With his army, Bar Kochba started his attack. Instead of having an attack of Bar Kochba’s army to all of Palestine at once, he captured Palestine a little at a time. He would take over fortress after fortress, city after city. Pretty soon, Bar Kochba had overthrown all of Palestine for the Jews.
The Jews were once again independent. In Jerusalem, an altar to the Jewish God was placed on the place where the magnificent asenv, hc once stood. Also, the building of a wall around Jerusalem had begun. Despite this new joy brought to the Jews, Bar Kochba knew that the Romans were planning a counterattack, so he kept training his army.
In fact, Bar Kochba was right. Hadrian had brought a world-renowned general all the way from Britain to lead his army against the Jews. The Roman army, along with aiding pagan armies, went to launch their counterattack against Bar Kochba. The Roman army, much like Bar Kochba’s army, didn’t attack them with one big battle. They reconquered Palestine one town at a time.
They defeated little bands of rebels independently defending their cities. The Romans took back the Galil, Yehuda, and eventually the Roman army forced Bar Kochba into a small fortified city in Jerusalem called Betar. It was said that Betar was impenetrable. Every day of the Roman siege around Betar, a man named Rabbi Elazar Hamodai prayed to God that they should live another day. Rabbi Elazar prayed to God every day, “Do not sit in judgment today.
One day, a Kussi snuck into the city. He pretended to whisper into Rabbi Elazarsear’s ear. When Bar Kochba heard about this, he questioned Rabbi Elazar and asked him what the Kussi had said. When Rabbi Elazar replied that nothing was said to him, Bar Kochba kicked him, and he immediately died. Shortly after Rabbi Elazar’s death, on the Ninth of Av, Betar fell.
The Ninth of Av was a mournful day for the Jews as it marked the destruction of the first and second Temples. The fall of Betar was due to three main events. First, the siege of Betar left the Jews inside the city starving and exhausted. Second, a spy from Betar told the Romans a secret way to enter the city. Third, perhaps Bar Kochba was not the real protector of the Jews; Rabbi Elazar was. He was a righteous man who prayed for the welfare of the Jews and himself every day. On the battlefield, about half a million Jews were found dead, while the rest were either sold as slaves, hid in caves, or fled to other countries. Bar Kochba was found dead on the front, strangled by a huge serpent, not killed by a Roman.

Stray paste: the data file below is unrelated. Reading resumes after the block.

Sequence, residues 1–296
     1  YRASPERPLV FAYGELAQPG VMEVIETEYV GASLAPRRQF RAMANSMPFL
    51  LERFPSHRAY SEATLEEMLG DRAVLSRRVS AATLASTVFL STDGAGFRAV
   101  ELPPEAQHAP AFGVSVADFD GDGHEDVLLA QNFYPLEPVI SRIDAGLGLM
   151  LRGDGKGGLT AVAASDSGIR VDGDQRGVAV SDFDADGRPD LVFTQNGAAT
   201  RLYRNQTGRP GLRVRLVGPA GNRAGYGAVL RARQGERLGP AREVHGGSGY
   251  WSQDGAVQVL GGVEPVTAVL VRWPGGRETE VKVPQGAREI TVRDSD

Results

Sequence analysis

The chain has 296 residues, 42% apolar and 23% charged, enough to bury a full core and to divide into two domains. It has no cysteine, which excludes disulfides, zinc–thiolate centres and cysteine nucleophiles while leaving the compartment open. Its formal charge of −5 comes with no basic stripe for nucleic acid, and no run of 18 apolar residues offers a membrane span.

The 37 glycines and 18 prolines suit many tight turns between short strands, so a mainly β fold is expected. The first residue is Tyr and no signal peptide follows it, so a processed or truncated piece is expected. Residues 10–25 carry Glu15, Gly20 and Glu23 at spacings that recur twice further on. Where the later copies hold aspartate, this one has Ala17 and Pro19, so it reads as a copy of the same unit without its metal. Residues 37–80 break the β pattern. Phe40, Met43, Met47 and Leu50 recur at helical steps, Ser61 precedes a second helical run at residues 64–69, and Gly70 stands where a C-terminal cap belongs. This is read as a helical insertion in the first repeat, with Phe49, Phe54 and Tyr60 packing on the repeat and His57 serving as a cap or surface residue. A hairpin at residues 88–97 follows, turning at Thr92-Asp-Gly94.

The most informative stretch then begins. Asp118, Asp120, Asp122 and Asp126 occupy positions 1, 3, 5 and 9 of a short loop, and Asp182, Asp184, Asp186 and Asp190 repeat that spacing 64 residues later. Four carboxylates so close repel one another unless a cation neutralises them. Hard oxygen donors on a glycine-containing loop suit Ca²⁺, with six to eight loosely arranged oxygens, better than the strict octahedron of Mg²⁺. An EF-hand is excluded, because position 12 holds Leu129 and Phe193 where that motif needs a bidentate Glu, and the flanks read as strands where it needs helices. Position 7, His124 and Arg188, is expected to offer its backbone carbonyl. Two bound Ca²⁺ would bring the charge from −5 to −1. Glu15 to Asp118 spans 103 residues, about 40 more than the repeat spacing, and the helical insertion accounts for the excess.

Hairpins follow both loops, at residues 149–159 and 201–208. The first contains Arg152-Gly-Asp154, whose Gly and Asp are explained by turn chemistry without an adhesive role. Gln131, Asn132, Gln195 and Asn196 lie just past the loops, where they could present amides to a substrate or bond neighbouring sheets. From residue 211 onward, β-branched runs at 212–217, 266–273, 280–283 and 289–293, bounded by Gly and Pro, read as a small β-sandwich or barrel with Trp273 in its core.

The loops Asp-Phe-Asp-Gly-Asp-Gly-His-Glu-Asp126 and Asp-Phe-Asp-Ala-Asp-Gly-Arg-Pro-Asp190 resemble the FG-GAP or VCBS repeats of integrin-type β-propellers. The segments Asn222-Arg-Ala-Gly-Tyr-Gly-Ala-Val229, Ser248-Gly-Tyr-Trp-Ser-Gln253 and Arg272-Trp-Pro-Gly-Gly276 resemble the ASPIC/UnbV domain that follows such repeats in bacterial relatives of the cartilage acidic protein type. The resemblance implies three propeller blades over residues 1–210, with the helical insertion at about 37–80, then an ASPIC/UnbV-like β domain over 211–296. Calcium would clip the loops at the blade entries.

After Bar Kochba’s defeat and death, the Jews renamed him Bar Koziva, “Son of deceit,” from Bar Kochba, which symbolized him being the “Son of a Star.” Hadrian realized that the Jews would never see Rome as their mother country, but as tyrants who controlled them. He finished the construction of the city for Jupiter called Aelia Capitolina where Jerusalem once stood. The Jews exiled from Jerusalem were forbidden to go near the city. Every year on the Ninth of Av, the Jews bribed their way into the city to mourn over the city that was once the center of their religion. Hadrian issued several prohibitions against Judaism, including forbidding circumcision, keeping the Sabbath, and making and keeping a Jewish calendar.
Not having a Jewish calendar was a harsh punishment as it prevented the Jews from fixating on Jewish holidays and keeping them. Hadrian also prohibited studying and teaching Judaism. In short, Hadrian prohibited Judaism, and the Jews had no other alternative but to fight and revolt against the Romans. Although the revolt yielded disastrous results, Bar Kochba tried to help. He was a great general with a magnificent army. If anyone of lesser talent had been the general over the Jewish army and led the revolt, it would have been even worse. Therefore, Bar Kochba was good for the Jews. He gave hope to the Jews and gave them a taste of independence and what it feels like to fight for what you believe in.
He was the inevitable result of years of suppression. The Jews had no choice but to revolt. Even if Bar Kochba did not exist, a revolt would have still occurred, maybe with a different date and a different leader, but a revolt was inescapable.
- Solomon Grayzel, A History of the Jews (Philadelphia: The Jewish Publication Society of America, 1961), pages 180-185, 199-201, 204-205, 212, 380.
- Rabbi Dr. Raphael Posner (ed.), Junior Judaica, Encyclopedia Judaica for Youth (Jerusalem: Keter Publishing House Jerusalem LTD., 1982), s.v. Bar Kokhba, pages 106-107.
- Suri Cohen, “Mashiach, Mashiach, Mashiach,” 1996 (?), School Booklet, Shevach High School, New York, pages 13-18.
- Naomi Ben-Asher and Hayim Leaf, The Junior Jewish Encyclopedia (New York City: Sheng Old Publishers Inc., 1967), s.v. Bar Kokhba, Simeon, page 535.
- Encyclopedia International (Canada: Grolier Inc., 1972), s.v. Bar Cocheba or Bar Kokba, page 386.